As users go increasingly mobile, applications need to increasingly cater to mobile needs. And one of them is the need to communicate asynchronously: it makes no sense for your phone to continuously check your email account to see if you have a new message. That wastes your precious data usage quota, drains your battery, and is rather pointless if your email account could just send a message to your phone once to say that you have new mail instead. Of course, we're talking about much more than just email here – but that's the idea behind asynchronous frameworks. It may seem like a small change, but it is a rather large one in terms of how it would affect application design underlying all the mobile applications you use today.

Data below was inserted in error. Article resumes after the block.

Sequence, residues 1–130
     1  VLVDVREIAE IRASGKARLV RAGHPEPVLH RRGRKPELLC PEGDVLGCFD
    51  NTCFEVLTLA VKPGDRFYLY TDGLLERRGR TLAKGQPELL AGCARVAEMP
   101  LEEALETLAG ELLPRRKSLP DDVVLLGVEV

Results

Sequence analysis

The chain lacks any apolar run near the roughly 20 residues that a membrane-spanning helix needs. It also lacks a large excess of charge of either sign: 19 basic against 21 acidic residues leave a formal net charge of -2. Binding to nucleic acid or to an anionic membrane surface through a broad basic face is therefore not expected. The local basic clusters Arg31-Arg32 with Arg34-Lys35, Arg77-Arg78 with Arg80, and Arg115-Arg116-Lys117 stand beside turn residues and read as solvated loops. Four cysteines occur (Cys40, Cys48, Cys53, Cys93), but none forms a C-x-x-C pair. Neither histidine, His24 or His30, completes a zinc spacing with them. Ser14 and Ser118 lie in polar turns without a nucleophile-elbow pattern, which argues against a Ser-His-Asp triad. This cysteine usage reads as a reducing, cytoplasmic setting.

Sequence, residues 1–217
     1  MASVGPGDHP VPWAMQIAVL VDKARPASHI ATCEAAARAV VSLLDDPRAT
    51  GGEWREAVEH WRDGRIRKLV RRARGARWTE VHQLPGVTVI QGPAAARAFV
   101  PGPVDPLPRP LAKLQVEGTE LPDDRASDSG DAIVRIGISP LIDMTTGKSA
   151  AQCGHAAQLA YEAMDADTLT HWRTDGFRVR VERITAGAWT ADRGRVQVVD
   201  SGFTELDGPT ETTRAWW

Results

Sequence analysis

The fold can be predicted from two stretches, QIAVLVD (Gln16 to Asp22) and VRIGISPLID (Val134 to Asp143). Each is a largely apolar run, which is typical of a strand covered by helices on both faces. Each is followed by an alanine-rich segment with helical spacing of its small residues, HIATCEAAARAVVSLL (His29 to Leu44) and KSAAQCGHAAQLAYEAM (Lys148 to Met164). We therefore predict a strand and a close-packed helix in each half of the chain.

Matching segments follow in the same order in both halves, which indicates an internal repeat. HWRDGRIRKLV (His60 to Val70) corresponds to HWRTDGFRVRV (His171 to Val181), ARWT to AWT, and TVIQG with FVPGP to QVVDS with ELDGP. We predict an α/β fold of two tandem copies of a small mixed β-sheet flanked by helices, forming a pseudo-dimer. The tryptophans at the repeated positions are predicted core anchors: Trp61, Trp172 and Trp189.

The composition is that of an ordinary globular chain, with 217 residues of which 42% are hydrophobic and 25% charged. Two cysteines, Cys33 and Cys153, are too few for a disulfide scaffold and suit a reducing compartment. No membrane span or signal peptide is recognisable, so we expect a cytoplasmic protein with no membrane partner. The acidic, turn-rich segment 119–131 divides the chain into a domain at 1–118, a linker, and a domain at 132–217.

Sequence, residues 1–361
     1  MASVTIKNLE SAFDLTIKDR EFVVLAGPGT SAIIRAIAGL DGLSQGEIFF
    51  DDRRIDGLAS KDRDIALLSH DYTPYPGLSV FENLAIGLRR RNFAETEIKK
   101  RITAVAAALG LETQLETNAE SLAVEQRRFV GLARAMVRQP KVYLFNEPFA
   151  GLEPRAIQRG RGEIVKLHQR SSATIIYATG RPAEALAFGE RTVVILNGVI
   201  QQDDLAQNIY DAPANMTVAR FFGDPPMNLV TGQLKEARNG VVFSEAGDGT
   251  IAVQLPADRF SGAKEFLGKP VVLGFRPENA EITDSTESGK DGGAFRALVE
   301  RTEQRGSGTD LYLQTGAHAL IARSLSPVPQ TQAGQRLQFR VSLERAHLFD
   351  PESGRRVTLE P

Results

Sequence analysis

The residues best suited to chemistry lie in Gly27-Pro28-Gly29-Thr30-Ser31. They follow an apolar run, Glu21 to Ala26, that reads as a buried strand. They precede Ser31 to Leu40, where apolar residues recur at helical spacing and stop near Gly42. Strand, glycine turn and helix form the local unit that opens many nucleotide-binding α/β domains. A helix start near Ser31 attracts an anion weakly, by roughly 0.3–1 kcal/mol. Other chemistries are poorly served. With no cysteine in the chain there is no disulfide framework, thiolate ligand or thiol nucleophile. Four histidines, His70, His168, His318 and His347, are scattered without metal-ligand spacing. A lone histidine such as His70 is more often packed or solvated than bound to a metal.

Note to self: Stop reading G+, it's time to get busy!
Vert.x: Why the JVM May Put Node.js on the Ropes
It’s Time for Change. We’re beginning to see a turning point in asynchronous frameworks, specifically with regard to Node.js. My contention is that a dynamic language paired with a hybrid conc…